Somaliland vehemently opposes Turkish naval activities during negotiations over Ethiopian maritime agreement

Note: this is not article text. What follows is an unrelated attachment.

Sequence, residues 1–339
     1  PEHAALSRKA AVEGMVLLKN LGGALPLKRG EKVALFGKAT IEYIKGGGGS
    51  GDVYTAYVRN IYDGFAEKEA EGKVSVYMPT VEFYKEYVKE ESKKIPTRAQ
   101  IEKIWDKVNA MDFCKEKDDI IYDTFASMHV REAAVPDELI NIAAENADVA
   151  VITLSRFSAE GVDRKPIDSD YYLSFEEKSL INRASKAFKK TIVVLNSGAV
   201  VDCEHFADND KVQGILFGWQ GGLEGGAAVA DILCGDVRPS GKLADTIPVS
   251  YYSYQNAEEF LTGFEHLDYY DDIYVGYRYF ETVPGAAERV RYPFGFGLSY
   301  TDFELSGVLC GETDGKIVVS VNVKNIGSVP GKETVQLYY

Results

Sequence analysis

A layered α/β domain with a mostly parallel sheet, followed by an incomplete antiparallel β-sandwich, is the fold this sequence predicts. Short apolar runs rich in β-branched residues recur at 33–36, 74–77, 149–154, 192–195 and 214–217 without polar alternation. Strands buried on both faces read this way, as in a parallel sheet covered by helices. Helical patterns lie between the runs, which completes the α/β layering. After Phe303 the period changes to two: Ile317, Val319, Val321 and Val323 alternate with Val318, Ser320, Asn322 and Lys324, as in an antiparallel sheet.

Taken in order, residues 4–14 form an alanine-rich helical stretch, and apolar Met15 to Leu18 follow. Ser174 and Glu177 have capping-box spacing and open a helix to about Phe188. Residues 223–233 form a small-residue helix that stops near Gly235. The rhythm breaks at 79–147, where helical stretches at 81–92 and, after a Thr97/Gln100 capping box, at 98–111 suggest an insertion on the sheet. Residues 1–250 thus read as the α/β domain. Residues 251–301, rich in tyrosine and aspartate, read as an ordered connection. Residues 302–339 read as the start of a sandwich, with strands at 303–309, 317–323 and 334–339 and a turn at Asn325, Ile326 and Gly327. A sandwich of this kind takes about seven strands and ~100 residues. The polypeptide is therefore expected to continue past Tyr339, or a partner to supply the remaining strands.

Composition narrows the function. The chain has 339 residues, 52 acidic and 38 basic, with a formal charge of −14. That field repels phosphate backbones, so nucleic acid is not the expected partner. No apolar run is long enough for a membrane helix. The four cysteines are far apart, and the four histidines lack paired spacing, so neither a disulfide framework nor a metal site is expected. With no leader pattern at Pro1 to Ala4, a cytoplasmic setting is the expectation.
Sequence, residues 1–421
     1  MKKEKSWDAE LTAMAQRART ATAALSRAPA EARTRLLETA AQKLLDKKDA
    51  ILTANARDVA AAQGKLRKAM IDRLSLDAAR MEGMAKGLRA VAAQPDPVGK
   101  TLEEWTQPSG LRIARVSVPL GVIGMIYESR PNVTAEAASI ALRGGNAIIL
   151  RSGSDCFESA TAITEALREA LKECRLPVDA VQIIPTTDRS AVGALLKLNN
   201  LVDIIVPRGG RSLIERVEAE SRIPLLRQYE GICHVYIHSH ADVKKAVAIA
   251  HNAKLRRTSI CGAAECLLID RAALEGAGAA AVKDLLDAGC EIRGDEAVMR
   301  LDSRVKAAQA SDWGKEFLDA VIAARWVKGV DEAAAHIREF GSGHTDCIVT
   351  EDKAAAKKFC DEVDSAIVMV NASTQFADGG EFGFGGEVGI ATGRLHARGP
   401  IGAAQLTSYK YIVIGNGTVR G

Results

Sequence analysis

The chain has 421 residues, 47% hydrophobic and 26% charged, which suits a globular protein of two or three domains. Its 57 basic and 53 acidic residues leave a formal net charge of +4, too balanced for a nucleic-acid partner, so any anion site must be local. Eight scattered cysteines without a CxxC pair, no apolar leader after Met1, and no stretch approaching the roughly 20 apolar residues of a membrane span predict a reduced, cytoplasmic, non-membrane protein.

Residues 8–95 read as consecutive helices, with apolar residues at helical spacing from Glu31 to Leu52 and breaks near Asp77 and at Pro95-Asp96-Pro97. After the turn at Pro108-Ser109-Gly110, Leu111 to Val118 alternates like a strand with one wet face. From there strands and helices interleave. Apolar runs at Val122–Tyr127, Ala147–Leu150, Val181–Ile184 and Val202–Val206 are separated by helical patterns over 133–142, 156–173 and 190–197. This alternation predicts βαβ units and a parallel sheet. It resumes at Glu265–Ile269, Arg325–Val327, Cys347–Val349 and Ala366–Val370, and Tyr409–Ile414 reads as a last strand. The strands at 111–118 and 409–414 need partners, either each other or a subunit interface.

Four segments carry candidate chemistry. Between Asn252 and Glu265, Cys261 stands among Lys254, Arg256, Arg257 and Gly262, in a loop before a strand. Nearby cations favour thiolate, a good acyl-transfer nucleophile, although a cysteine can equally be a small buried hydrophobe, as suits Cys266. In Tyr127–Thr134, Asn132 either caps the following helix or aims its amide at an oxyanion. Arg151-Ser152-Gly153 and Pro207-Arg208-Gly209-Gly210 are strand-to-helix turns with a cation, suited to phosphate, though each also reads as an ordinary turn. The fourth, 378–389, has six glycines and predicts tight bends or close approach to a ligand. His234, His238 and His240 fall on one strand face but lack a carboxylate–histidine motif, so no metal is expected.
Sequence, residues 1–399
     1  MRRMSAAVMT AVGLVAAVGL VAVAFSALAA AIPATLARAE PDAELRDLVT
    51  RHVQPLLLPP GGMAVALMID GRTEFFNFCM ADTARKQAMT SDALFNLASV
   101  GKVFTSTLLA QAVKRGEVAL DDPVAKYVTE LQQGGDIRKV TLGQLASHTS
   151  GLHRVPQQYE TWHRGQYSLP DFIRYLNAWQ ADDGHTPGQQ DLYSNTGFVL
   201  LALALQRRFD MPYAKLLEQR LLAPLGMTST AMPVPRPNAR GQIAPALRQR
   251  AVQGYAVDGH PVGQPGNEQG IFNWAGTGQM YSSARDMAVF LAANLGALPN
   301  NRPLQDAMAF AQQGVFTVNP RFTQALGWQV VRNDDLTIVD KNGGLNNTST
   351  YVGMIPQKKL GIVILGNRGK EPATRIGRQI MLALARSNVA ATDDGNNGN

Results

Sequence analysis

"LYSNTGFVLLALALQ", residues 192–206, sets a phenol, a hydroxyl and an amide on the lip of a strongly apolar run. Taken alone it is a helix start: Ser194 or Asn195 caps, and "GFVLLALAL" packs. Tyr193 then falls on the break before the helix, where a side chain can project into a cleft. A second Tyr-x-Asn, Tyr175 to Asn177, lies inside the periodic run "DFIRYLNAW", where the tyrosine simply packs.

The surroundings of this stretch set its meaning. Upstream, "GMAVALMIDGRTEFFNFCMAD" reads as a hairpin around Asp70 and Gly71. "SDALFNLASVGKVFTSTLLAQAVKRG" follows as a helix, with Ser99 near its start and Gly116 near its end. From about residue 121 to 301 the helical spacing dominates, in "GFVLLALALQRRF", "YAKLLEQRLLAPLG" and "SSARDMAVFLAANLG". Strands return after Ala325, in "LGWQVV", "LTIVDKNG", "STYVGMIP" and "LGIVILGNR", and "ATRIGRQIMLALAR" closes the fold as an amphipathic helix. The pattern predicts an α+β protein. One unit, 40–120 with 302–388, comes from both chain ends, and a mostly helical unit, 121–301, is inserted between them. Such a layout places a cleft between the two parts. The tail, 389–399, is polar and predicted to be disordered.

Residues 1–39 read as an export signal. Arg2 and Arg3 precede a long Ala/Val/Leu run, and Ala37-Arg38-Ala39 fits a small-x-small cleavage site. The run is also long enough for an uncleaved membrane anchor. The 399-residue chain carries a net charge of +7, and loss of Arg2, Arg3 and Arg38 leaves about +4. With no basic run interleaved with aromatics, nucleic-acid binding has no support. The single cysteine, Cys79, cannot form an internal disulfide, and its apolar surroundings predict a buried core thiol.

During an interview with BBC Somali, Somaliland’s Foreign Minister, Dr. Essa Kayd Mohamud, discussed the autonomous control of Somaliland’s waters, making a clear distinction from Somalia’s authority. Mohamud informed Turkey that access to Somaliland’s shores is restricted, asserting the independent management of its maritime borders. Emphasizing Somaliland’s stance, Mohamud expressed positivity regarding the Memorandum of Understanding (MoU) with Ethiopia, dispelling concerns about its impact. He anticipates a smooth implementation of the agreement that will bring mutual benefits. The foreign minister also mentioned an upcoming deal with Ethiopia, which involves leasing 20 kilometers of Somaliland’s coastline to Ethiopia. This agreement is expected to bring economic advantages and could potentially pave the way for international recognition of Somaliland as a separate entity. However, recent statements from Ethiopian officials suggest that no formal recognition of Somaliland is guaranteed, as Ethiopia upholds Somalia’s territorial integrity according to international law. Meanwhile, Somalia has strengthened its naval capabilities through a recent agreement with Turkey, enabling the construction, training, and equipping of the Somali navy. This agreement, part of a broader Defense and Economic Cooperation Framework Agreement, was widely supported by Somalia’s legislative bodies. The main goal is to boost national security along Africa’s extensive coastline and address regional maritime challenges. Somali Prime Minister Hamza Abdi Barre clarified that the pact is intended to combat issues like piracy and illegal fishing, not to incite conflicts in the region. The collaboration between Turkey and Somalia has also paved the way for future offshore oil drilling projects, set to commence in 2025, solidifying Turkish interests in Somalian maritime resources.

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